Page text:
In many systems, to decouple, or to handle tasks that take a long time (for example, some network requests may be slow, or some requests are CPU-intensive and need to wait for a while), we usually introduce task queues. A typical task queue consists of the following three parts.
- The first part is the producer, there are two common ones, one is triggered by the user, for example, in web applications, the user needs to send a request to the mail provider when verifying the mailbox; the other one is triggered by the machine, for example, the timing task, I generally call it scheduler.
- The second part is the message broker, which is a middleware. broker is used to persist messages and provide some functions such as ACK, timeout retry, etc. It is mainly used to save various message/task related states.
- The third part is the consumer, which is usually a worker in the application. worker is responsible for taking the corresponding message or task from the broker and executing the corresponding code to consume it according to the category.
Typically, we use these middleware as brokers (there are other options, but they are less common).
In general, we require brokers to support the following features.
- persistent, can not broker down, the message is lost
- FIFO (or roughly ordered), which ensures that tasks are basically consumed in queue order, some can guarantee strictly ordered, some can only guarantee roughly ordered
- Guaranteed consumption once / minimum consumption once / ACK, so that the task can be guaranteed to be consumed
- priority Priority, so that you can distinguish the priority of different functions, if the broker does not support, you can also configure multiple queues in the framework layer to achieve
- dead letter, used to store the execution of some tasks failed
- delayed tasks, used to execute some tasks that need to wait for a period of time
Not all brokers have these features, for example Redis has no ACKs and no priority, but Redis is still adequate for everyday use.
enqueue blocking and dequeue blocking
In both enqueue and dequeue, we can choose whether we want to block or not. This depends on our business scenario. For example, when the queue is full, enqueue blocking will cause the corresponding web request to get stuck; correspondingly, when the queue is empty, dequeue blocking will cause the consumer to block. For general applications, we will choose dequeue blocking.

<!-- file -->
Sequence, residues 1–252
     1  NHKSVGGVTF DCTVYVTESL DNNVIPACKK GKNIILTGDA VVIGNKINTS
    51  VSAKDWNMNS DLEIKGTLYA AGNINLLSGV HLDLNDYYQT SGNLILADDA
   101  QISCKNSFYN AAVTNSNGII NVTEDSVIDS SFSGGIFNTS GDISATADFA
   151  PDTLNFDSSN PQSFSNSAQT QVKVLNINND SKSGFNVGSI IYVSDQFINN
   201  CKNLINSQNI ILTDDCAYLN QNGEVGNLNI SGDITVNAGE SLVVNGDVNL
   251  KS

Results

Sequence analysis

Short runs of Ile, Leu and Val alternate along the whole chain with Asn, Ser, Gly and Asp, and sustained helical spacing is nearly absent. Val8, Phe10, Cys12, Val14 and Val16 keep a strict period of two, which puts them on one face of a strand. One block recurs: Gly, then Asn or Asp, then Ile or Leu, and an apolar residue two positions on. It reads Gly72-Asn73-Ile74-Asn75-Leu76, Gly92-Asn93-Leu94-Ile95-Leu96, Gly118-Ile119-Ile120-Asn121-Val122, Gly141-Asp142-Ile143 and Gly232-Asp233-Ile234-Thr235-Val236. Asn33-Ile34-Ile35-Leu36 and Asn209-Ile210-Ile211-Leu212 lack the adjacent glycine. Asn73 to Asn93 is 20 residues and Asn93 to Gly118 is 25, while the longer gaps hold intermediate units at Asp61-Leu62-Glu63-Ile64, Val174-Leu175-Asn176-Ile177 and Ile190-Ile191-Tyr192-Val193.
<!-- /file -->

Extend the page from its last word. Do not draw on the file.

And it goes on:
For the task queue itself, we might want to do some monitoring, mainly including.
- Health checks
- Number of workers, status
- Total number of tasks/number and percentage of tasks in queue, completed, failed, executing, delayed
- Number of queues/number of tasks in each queue and percentage
- Task execution time, status
Flow peak cutting
When we do monitoring, occasionally we will see some traffic peaks, and this time it involves a problem: flow peak cutting
When there is a traffic spike, it is usually a sudden surge of users or a promotion in progress. There’s not really a good way to do this. Usually, if it is a promotion, which is expected, there are only two things we can do.
- Control the traffic at the application level and limit the speed. This will not generate a lot of tasks.
- Scaling in advance, scaling the worker machines in advance (usually horizontally, i.e., adding machines, or vertically, i.e., up the configuration)
For sudden traffic surges, we can do is also emergency expansion, if done well, with monitoring to do automatic expansion and contraction, which will have a certain test of the infra layer.
In the task queue, there will inevitably be some task execution failure scenarios, in order to reproduce, we usually need a special queue for storing the task, which is usually what we call dead letter. The purpose of the dead letter itself is to store the information about the failed task execution, such as parameters and logs, so as to facilitate troubleshooting, reproduction and repair.
When a task fails, besides moving it to the dead letter queue immediately, we can also configure a retry policy, for example, retry 3 times, and move it to the dead letter queue after all 3 times fail. For task retries, we usually use exponential fallback for deferral.
Task Granularity and Scheduling
For the simplest case, a task is a task, in which case the granularity of the task is very small, e.g. sending an email to a user. There is also a case where a task may contain multiple subtasks, in which case, to simplify the application layer code, we usually implement it in a task framework, e.g.
For example, the task of creating a virtual machine contains multiple subtasks, and the last step of starting the virtual machine must be executed after all the previous steps.
When there are dependencies between subtasks, the simplest way is to execute them linearly, with the order of execution specified in the dependency description, and we follow the order one by one. A more complex approach is to use directed acyclic graphs, where tasks that do not depend on each other are executed concurrently, but the latter is usually much more difficult.
In this article, the typical architecture of task queues, common brokers, and some scenarios and concepts that will be involved in task queues are introduced, and we hope they will be helpful to you.